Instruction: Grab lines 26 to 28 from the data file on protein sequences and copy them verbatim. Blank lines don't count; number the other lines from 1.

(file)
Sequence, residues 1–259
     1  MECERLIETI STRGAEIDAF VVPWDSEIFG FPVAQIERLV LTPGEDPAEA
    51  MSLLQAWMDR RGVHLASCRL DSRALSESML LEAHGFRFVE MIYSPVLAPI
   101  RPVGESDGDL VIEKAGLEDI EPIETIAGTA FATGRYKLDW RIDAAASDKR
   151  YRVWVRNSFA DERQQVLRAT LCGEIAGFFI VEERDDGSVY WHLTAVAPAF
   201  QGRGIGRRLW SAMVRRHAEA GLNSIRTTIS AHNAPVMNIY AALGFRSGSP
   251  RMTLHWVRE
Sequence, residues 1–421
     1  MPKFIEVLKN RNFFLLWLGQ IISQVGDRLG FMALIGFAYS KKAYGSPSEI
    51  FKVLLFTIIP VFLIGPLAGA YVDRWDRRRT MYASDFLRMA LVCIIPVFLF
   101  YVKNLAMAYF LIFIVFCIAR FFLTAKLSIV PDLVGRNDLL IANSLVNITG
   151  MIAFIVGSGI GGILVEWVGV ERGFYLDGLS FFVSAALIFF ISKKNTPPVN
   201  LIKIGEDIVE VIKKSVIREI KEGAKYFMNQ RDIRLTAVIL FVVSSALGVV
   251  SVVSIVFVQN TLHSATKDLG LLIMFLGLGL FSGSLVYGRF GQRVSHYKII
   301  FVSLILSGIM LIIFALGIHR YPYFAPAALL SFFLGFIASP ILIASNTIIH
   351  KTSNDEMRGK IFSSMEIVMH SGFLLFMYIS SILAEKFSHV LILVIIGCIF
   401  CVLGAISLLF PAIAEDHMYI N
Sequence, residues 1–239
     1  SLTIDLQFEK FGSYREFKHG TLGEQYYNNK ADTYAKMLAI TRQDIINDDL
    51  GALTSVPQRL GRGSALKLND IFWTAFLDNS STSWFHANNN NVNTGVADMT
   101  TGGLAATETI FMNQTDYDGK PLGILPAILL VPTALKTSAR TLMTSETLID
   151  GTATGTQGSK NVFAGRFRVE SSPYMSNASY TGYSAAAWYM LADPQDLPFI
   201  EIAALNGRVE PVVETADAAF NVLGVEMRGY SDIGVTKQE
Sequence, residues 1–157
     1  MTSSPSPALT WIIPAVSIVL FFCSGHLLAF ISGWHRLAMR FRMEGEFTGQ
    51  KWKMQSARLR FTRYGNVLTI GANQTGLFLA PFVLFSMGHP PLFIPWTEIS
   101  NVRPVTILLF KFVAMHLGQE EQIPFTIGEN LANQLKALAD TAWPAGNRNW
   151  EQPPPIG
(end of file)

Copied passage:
    51  KWKMQSARLR FTRYGNVLTI GANQTGLFLA PFVLFSMGHP PLFIPWTEIS
   101  NVRPVTILLF KFVAMHLGQE EQIPFTIGEN LANQLKALAD TAWPAGNRNW
   151  EQPPPIG